22 Jul The Easy Answer to ICBC’s Financial Troubles
ICBC’s Financial Troubles Could Be Solved By Cutting Unnecessary Costs
The recent Ernest and Young report on ICBC’s financial trouble was leaked to the media recently. While I have not have occasion to read the Ernest and Young report, it seems that they probably missed the easiest and most equitable way of placing ICBC in a positive financial position.
What I write might upset my fellow colleagues because if ICBC advances this angle, the amount paid out to ICBC claimants will dramatically decline and in turn, injury lawyers receiving a percentage fee of settlements, including my firm, will see a decline in their fees. Therefore, this is not a self-serving opinion.
In March 1994, the Supreme Court of Canada released a triology of cases called Cunningham v. Wheeler; Cooper v. Miller; Shanks v. McNee. The essence of these cases is that ICBC cannot deduct benefits received by an injured claimant from other sources, such as government payouts, loans or insurance pay-outs. ICBC cannot even deduct payments made by EI or CPP.
Therefore, in most ICBC cases, the injured claimant gets double recovery, once from ICBC and once from another insurance company. However, these private insurance companies have realized the windfall an injured claimant can receive through an ICBC claim and so they now regularly demand reimbursement from the injured claimant of any benefits paid out. This process is called “subrogation”.
In a growing number of cases, the private insurance companies have gone so far as expect 100% reimbursement of the benefits they pay out plus interest from the injured claimant regardless of success in the ICBC claim. If the injured claimant does not receive 100% wage recovery from ICBC, or has to pay legal fees to recover from ICBC, the claimant is not receiving enough wage recovery in the settlement to repay the insurance company in its entirety. These private insurers then turn around and expect the injured claimant to pay them out of other heads of damages such as pain and suffering. In the result, the injured claimant loses out at the benefit of the private insurer. Simply put, the private insurer is taking advantage of the ICBC claim system at the cost of ICBC and the injured claimant.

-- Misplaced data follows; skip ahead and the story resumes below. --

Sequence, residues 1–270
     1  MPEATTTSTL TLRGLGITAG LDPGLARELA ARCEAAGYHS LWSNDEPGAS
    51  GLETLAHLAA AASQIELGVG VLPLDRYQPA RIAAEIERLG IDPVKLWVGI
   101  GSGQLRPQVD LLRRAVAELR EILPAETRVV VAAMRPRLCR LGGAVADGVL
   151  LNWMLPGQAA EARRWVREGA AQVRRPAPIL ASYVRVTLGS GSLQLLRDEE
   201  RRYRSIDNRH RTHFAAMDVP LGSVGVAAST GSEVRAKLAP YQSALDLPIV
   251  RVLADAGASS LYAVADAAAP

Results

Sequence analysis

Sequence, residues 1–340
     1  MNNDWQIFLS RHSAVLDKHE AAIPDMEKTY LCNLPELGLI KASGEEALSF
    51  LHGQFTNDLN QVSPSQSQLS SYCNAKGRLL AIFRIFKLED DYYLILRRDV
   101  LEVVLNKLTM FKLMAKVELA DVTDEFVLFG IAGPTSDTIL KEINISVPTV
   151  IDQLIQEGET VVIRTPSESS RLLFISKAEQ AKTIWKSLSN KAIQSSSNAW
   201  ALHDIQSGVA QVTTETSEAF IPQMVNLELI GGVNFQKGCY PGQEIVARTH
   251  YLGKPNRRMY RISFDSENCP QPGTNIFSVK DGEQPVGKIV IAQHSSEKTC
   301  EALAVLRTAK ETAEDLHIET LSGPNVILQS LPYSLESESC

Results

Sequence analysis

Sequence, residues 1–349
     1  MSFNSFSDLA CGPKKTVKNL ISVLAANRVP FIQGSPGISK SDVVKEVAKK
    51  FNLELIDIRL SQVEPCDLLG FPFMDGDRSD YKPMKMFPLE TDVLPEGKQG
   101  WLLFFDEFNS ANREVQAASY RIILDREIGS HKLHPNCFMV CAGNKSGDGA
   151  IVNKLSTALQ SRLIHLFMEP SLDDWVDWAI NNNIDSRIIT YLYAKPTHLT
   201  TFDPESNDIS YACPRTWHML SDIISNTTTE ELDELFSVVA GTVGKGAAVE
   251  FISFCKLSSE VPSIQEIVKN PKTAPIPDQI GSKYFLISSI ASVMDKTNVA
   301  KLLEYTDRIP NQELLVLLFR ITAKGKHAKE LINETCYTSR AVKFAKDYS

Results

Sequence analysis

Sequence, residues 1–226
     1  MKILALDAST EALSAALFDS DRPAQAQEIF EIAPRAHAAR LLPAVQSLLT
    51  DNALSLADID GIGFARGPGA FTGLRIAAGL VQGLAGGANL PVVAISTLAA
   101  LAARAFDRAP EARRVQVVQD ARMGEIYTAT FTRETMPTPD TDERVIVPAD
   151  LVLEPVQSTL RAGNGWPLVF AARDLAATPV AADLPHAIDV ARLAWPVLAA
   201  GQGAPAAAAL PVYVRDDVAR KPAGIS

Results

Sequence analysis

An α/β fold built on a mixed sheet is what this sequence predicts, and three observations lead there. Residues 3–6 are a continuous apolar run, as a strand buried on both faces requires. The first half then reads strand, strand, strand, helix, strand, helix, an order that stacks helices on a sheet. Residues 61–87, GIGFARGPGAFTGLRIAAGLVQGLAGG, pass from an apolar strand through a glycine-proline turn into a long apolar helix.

It is an extremely simple fix for ICBC. All they have to do is pass legislation which allows ICBC to be a secondary insurer meaning that they only have to pay for medical expenses or wage loss if there are no other coverages for the injured party. They already have this legislation, in part, for Part VII benefits (medical and rehabilitation expense coverage).
It would be difficult for Ernst & Young to figure out the savings to ICBC of changing the law on subrogation as ICBC doesn’t get to find out what other insurance coverages a claimant has as the information is private. However being on the ground for this many years, I can tell you with great certainty that in almost every claim there is going to be an element of private insurance covering some of the wage loss or medical expenses because insurance plans through employers are very common in British Columbia. I would venture a guess that if ICBC made this one change, they would suddenly see a reduction in the average claim payout by 20% to 30% across-the-board. If you do a simple mathematical calculation, that means hundreds of millions of dollars in savings each year and suddenly, ICBC is in a position to be profitable again.
Of course, with any system comes a negative. The only negative is that the private insurance companies do not get their pay-outs back from ICBC indirectly and will have to increase their premiums paid by their plan members in order to maintain their profitability levels. That seems extremely justified given that the current recommendations of Ernest and Young impact every motorist in the Province of British Columbia whereas a change here would simply mean that employers and employees will have to pay a little bit more premiums for private insurance coverages.
This solution is an easy fix without taking draconian measures which have not seen much success in other provinces in Canada.
Written by Wes Mussio of Mussio Goodman Law Group